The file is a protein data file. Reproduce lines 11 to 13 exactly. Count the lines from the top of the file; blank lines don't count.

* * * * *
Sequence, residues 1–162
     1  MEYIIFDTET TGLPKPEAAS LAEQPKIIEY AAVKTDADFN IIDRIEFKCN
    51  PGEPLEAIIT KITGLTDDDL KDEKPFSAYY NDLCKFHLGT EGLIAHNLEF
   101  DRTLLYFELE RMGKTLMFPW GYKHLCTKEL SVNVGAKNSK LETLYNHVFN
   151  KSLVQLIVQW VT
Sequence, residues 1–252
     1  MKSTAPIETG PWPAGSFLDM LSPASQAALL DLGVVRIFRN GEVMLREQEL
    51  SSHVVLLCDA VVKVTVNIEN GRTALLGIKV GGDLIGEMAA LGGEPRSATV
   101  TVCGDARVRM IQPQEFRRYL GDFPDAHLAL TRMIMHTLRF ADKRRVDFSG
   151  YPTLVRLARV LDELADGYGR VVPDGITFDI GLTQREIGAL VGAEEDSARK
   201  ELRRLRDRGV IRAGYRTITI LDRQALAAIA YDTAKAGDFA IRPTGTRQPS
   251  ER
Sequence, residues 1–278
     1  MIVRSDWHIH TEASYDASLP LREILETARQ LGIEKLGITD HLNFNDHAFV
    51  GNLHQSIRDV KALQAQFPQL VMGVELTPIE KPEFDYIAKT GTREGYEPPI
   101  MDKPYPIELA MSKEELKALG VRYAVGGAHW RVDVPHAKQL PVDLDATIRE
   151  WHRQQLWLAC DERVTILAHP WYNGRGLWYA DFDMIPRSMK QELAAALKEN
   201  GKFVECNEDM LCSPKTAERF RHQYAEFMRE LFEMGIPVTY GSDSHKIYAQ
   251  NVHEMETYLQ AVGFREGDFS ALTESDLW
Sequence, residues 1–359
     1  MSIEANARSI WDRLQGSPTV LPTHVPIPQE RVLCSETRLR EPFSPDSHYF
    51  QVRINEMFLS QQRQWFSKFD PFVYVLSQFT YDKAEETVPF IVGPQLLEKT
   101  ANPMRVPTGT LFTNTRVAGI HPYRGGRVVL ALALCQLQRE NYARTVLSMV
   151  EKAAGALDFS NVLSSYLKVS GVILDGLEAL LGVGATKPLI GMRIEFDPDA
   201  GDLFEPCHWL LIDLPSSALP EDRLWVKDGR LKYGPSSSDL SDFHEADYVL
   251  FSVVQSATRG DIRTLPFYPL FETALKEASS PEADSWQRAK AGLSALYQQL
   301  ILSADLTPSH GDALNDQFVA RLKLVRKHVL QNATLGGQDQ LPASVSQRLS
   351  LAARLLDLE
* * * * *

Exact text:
   201  ELRRLRDRGV IRAGYRTITI LDRQALAAIA YDTAKAGDFA IRPTGTRQPS
   251  ER
Sequence, residues 1–278